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Gaming Guru

Alana Roberts
 

Wynn Exec Touts Benefits of Hiring Ex-prisoners

24 June 2005

LAS VEGAS -- Wynn Las Vegas' top human resources leader told a group of business leaders they should consider hiring nontraditional workers such as ex-prisoners and former welfare recipients.

"If you want to talk about diversity, it goes beyond skin color and national origin," Arte Nathan, chief human resources officer for Wynn Resorts, said during a luncheon of the Las Vegas Chamber of Commerce.

Companies are not required by law to hire workers with criminal pasts, but he said hiring such workers is part of embracing the true meaning of diversity.

Nathan is also chair of the Nevada Workforce Investment Board, a group charged with funneling federal labor dollars to local service providers that train workers for jobs.

He said he has been involved with hiring ex-offenders since 1993; since then about 100 workers have been recruited from the Nevada Department of Corrections to work at the Mirage, Treasure Island, Bellagio and now Wynn Las Vegas.

"Take a chance, whether you're hiring 10,000 workers or 10," Nathan said.

He said if companies don't hire ex-offenders, they're left out of work, with few options -- one of which includes committing more crimes.

Still, Nathan said, if a company hires such workers they should hire and place them carefully, "with your eyes wide open." He said his company works with officials of the Nevada Department of Corrections to target individuals that have the potential to become good workers.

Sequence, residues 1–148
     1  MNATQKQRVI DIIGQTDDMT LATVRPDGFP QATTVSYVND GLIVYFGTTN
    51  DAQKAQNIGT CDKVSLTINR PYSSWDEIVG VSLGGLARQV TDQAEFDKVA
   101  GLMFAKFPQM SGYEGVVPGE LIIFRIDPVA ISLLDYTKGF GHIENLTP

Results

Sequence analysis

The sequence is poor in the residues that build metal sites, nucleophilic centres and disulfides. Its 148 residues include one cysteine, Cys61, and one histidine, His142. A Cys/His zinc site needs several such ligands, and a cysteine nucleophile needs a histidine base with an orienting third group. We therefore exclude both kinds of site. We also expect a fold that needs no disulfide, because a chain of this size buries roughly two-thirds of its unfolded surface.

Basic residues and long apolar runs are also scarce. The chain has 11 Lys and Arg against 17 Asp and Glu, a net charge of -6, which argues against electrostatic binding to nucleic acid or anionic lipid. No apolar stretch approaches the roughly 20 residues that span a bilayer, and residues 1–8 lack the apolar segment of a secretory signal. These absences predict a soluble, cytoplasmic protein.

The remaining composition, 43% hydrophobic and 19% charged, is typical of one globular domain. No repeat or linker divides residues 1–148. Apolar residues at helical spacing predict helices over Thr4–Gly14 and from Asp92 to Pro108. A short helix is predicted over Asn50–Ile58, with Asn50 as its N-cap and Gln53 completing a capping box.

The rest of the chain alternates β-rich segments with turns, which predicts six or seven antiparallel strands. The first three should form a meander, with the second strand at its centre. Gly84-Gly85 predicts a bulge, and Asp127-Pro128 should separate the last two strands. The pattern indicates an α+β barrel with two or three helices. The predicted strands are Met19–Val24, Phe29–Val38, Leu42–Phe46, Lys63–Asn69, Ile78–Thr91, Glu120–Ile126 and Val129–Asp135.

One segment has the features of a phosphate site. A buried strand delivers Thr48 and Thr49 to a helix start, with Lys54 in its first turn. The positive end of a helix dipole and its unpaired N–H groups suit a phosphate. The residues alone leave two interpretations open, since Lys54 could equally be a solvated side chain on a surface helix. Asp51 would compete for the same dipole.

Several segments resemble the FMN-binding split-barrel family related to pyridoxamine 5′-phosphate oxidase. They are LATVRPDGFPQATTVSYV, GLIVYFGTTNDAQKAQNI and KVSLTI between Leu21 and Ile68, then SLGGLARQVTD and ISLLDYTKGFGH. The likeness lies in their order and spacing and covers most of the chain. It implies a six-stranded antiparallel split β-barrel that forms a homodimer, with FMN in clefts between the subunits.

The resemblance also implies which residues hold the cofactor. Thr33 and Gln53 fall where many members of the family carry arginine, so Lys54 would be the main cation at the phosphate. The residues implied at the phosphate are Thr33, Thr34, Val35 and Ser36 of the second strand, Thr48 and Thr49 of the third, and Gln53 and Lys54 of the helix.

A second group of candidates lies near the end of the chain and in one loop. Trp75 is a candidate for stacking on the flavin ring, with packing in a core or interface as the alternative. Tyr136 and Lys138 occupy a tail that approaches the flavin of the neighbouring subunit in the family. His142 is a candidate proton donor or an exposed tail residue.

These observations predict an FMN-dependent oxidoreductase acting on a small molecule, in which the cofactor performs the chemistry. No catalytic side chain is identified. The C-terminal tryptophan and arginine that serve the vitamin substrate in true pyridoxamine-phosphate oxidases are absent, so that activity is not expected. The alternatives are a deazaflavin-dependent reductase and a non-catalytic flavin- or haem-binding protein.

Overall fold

"If someone was in prison for theft you wouldn't put them before a cash register," Nathan said. "We've done it for 14 years, we've been extremely successful. We hire counselors from the prison system to help us."

Nathan added that although a person with a theft conviction wouldn't be hired into a position that would involve handling money, they could work their way up into a cash-handling job.

He said all workers at Wynn Las Vegas go through a background check and drug testing.

Howard Skolnik, assistant director/industrial programs for the Nevada Department of Corrections, said companies such as Wynn Las Vegas that offer positions for ex-offenders are helping such workers to better their lives.

"Some of the folks they've taken have become very successful," Skolnik said.

Nathan also said diversity includes hiring people with disabilities and offering benefits that appeal to a diverse workforce, such as same-sex domestic partner benefits and pet health insurance. He said 3,800 of the company's workers have signed up for pet insurance coverage. Nathan said it's important to garner loyalty from workers by providing good wages, benefits and training.

"It's what you do after you hire them," Nathan said. "We understood if (we) take care of our employees they'll take care of us."

He said another way to strengthen a workforce is to promote from within.

"The people in this city are interested in getting ahead," Nathan said. "This promotion from within stuff is an effective retention tool."

Still, he said about 7 percent of Wynn Las Vegas' opening staff have already left their jobs--665 of the property's 9,500 original workers.

"I know people get scared when you start a new job," Nathan told the group. "Even if you hated the son-of-a bitch you were working for."

Nathan later said the company was able to replace about half of those workers who left with applicants who were on a waiting list. He said the others weren't replaced because the resorts remaining workers become more efficient.

"As business becomes normalized and people become more familiar, you don't have to replace (all of) those who leave," Nathan said.

Nathan said the resort is currently in its infancy, but the staff is doing even better than expected.

"We gave ourselves six to eight months," Nathan said. "We're in week nine. Right now we're feeling very comfortable with how the staff is performing."